... to my great joy we had a quiet party at dinner, not so with Mr.. & Mrs.. Pascoe who I fancy must have exchanged the canter of their horse into a gallop to enable them to reach the Town in time to dine with the Governor; Mrs.. P being desirous of enjoying as much of his Lordship[']s company as she could, declined playing cards, but sat down most boldly to attack him at Chess; to his great consternation he soon found that his willing antagonist hardly knew the moves, he did all he could to lose the game, but that he found quite impossible; on which the Lady wish'd to renew the attack, but his Lordship had quite enough of it, & beg'd leave to resign his place to some other person. – Lord Calledon sent home his Carriage with Mrs.. Alexander & the other Ladies; by this time poor Mrs.. Pascoe herself so much gratified what with the morning drive, dining at a Lords house; playing chess with the great Man, & being sent home in his grand Coach with a coronet, that she fairly burst out in an exclamation of joy, clapping her hands & dancing with her feet, I vow! I vow! this has been the happiest – & the best day of my life. –this is all very vulgar no doubt, but who can avoid being pleased at this natural conduct, call'd forth by sensations of gratitude, & satisfaction.

Shades of Austen's Mrs Bennett there!

Friday, 18 July 2008

Yellow Peril



I think this image is from: W. Fearn-Wannan, Australian Folklore: A Dictionary of Lore, Legends and Popular Allusions. 1970. Please put me right if my attribution is incorrect


Here's another story involving a Pascoe. It appears this one was one of the directors at Lothair mine in Clunes, Victoria, and rather a belligerent one at that, according to how it was reported in the Grey River Argus 20 December 1873* (a proudly left wing paper).


The articles below give a good account of the story, where thousands of mine workers (mostly Cornishmen) and their families violently demonstrated against the introduction of Chinese labour.


Since the strike at the Eureka stockade in 1854 just down the road, miners were a raucous crowd and kick-started the Labour movement in Australia (In Australia, thanks rumouredly to a signwriter making a mistake, the political party is named "Labor"; but it is a "Labour" movement. I'm inclined to think it was merely that Americans were a big part of the movement at the time). These incidents also helped build the Australian culture of hating the police ("traps" in those days), as by keeping the peace, they were seen as always working for the bosses.


*In case you're wondering: I'm getting all these Australian stories from foreign sources because there are no database with good Australian newspaper content as yet. The National Library of Australia is working on one though.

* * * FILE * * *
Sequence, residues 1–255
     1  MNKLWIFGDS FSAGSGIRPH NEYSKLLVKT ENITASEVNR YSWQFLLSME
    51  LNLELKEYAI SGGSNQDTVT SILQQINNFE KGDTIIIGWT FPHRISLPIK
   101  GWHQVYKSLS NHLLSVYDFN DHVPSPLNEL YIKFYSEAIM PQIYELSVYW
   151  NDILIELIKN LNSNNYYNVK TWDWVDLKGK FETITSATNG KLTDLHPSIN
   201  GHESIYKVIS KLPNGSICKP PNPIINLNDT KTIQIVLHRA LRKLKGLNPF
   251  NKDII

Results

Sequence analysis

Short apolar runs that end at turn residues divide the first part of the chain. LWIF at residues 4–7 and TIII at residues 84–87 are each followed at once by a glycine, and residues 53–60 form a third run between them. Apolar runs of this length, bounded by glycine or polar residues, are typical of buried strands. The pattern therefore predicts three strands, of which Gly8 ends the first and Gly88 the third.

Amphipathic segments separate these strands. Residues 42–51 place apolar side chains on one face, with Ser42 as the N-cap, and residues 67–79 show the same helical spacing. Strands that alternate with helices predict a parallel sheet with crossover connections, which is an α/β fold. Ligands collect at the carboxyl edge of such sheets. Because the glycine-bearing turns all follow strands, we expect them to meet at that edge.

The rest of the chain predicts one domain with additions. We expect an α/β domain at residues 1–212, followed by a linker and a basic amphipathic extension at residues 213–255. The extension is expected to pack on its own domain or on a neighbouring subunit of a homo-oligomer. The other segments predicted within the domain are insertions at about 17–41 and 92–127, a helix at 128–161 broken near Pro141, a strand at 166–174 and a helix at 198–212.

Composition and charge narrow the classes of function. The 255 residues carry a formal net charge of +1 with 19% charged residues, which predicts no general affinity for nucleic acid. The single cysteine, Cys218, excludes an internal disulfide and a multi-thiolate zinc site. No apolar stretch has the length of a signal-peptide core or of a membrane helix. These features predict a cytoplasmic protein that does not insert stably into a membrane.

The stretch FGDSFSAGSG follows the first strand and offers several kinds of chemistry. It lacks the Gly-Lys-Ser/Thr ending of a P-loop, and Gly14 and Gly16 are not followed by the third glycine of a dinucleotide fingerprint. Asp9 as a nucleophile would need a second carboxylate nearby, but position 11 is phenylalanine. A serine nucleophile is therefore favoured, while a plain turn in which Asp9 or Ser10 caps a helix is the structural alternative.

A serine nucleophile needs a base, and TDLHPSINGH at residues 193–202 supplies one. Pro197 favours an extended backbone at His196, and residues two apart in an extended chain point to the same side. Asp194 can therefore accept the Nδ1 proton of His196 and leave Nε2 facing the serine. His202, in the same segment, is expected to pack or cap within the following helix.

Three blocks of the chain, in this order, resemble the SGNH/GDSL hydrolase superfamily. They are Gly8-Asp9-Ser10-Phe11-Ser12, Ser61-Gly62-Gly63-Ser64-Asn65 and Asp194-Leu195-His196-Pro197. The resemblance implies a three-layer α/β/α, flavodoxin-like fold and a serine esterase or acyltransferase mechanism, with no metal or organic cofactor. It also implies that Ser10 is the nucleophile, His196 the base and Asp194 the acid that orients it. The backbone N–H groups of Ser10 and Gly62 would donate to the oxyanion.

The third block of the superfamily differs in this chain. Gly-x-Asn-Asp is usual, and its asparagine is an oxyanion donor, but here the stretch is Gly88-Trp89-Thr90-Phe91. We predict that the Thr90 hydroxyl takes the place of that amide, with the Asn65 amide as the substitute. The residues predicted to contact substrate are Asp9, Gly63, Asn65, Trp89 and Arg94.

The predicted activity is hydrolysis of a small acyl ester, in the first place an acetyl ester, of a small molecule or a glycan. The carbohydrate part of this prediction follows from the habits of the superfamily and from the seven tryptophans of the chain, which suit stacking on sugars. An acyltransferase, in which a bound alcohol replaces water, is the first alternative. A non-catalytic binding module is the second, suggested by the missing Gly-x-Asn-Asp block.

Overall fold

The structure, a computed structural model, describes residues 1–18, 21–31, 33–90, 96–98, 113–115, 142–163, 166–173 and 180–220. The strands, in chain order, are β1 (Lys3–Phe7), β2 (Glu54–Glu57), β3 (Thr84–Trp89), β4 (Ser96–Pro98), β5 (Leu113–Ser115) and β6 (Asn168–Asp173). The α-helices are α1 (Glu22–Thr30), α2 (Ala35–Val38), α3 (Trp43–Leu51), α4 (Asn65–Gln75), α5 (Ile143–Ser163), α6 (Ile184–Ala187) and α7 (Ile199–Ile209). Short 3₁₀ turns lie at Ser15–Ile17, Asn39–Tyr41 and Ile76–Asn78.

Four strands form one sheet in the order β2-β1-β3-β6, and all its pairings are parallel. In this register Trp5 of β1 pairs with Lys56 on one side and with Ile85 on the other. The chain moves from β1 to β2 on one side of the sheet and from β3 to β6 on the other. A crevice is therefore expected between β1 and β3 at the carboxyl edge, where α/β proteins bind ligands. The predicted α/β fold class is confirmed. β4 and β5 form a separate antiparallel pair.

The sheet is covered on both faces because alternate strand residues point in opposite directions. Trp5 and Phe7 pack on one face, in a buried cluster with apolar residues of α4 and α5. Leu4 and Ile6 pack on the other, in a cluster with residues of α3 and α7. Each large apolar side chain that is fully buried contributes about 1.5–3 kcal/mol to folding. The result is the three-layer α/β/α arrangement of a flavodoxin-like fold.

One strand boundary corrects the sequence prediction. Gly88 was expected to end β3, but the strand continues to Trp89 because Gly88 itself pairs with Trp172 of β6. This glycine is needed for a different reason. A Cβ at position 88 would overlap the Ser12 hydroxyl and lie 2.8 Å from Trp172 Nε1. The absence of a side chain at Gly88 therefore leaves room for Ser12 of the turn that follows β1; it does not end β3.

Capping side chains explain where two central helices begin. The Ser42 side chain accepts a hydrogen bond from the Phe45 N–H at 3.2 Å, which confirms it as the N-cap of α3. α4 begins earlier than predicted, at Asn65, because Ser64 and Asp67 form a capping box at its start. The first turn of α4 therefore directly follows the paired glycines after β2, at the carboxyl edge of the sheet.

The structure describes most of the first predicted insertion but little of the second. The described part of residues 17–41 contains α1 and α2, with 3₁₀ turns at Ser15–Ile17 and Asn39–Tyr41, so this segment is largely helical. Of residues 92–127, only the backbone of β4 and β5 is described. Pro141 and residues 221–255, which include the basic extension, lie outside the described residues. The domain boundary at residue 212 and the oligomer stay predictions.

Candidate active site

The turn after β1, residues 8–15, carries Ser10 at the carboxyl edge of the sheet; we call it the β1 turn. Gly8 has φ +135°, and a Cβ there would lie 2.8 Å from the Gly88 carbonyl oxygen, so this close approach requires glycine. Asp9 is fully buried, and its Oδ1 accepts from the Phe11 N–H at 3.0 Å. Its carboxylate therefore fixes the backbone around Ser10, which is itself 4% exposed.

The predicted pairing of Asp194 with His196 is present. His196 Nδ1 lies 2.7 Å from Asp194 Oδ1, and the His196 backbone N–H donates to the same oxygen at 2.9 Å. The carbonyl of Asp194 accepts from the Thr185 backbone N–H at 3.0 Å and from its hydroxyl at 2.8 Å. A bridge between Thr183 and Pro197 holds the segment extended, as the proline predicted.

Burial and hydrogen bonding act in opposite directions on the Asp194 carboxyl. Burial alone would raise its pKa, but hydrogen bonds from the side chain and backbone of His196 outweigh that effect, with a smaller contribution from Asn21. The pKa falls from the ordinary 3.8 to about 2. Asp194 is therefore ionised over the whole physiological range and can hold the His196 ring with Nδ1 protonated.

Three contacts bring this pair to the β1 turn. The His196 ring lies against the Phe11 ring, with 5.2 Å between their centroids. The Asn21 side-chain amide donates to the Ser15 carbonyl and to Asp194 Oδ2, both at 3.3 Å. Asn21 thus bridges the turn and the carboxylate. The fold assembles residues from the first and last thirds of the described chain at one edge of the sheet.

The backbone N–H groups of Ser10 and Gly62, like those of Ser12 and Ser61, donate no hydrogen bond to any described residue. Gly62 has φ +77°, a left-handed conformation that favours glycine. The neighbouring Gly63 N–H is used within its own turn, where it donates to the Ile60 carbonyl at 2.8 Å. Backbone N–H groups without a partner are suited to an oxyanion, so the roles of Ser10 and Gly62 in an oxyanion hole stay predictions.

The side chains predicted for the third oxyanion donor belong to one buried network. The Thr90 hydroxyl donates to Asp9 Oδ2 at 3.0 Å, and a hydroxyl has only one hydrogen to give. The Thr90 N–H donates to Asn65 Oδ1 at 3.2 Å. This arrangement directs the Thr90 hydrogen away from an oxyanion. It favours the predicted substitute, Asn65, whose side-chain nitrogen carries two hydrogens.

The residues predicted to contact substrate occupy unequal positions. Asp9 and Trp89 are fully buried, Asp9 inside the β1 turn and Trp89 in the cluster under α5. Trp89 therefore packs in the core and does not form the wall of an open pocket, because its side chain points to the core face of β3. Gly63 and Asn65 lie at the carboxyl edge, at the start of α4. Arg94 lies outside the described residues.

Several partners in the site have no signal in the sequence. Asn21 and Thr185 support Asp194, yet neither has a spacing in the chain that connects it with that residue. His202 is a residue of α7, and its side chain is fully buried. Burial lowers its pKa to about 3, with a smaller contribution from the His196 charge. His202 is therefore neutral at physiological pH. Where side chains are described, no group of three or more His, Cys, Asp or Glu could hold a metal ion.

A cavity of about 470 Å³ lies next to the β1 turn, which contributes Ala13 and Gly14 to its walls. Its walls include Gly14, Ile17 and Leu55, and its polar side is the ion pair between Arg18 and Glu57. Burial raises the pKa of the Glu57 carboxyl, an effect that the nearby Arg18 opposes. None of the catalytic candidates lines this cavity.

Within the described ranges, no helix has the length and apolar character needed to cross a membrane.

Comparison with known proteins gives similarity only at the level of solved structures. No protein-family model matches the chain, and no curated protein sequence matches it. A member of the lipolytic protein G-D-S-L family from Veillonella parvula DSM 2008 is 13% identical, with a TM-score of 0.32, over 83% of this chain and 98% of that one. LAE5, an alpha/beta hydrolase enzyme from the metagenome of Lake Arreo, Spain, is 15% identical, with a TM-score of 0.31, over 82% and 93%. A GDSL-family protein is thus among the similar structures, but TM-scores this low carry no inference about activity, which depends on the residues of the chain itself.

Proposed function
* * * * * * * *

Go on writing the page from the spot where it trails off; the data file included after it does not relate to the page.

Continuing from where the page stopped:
Thursday, 17 July 2008

By the skin of his teeth (literally)

This chromolithograph image shows a small ketch safely inside the Grey River ca. 1869, in the process of either hoisting or dropping the mizzen sail. Source: Cooper, William Marshall 1833-1921 :Greymouth. [Hokitika, Harnett & Co., 1869?]. Taken from the Timeframes website.

The newspaper Grey River Argus was loaded on to Papers Past this month so I did a little search through for anything mentioning Pascoes, as they had rather a presence on the West coast of the South Island of new Zealand. I found some great stories from New Zealand and Australia (as well as a crazy one in a mining camp in Colorado) so will post them up over the next couple of weeks.

I'm no genealogist so have no idea how closely related I may be to any of these people, but I'll be posting these stories occasionally as they give a good cross-section of life in the South Seas during the 19th century. There were sailors (all over), miners (all over), brewers (Wellington), butchers (Greymouth), churchmen (all over), teachers (NZ), oyster bar owners (Nelson), brawlers and killers (all over). Like most early settlers, they were mostly a combination of these things. Few of the stories are happy ones, but that's newspapers for you.
First up is the story of the loss of the small ketch "Constant" on the sand bar at the mouth of the Grey River in 1870. It was a jack of all trades vessel, small at 13 tons; making deliveries, fishing, anything that would earn a few bob for the owner up and down the coast.
Now in all families there are physical and mental traits that keep popping up. A reasonably regular one in ours is a good set of slightly large, even teeth. This article made me laugh as they played an important part in the rescue of "Captain" John Pascoe here. There is mention of a "Schooner W. S. Munday, Pascoe, master" from Wanganui in the arrivals section of this paper dated 25 April 1871. It's likely to be the same man, but doesn't mention if he is the owner or not.
The inquiry was quickly done: the next day in fact. It follows below.
(Added 30 April 2009: I was just asked by a woman at work if I am related to the Pascoes of Nelson, as I look a lot like them)


Inquiry:


















Tuesday, 15 July 2008

Kia Kaha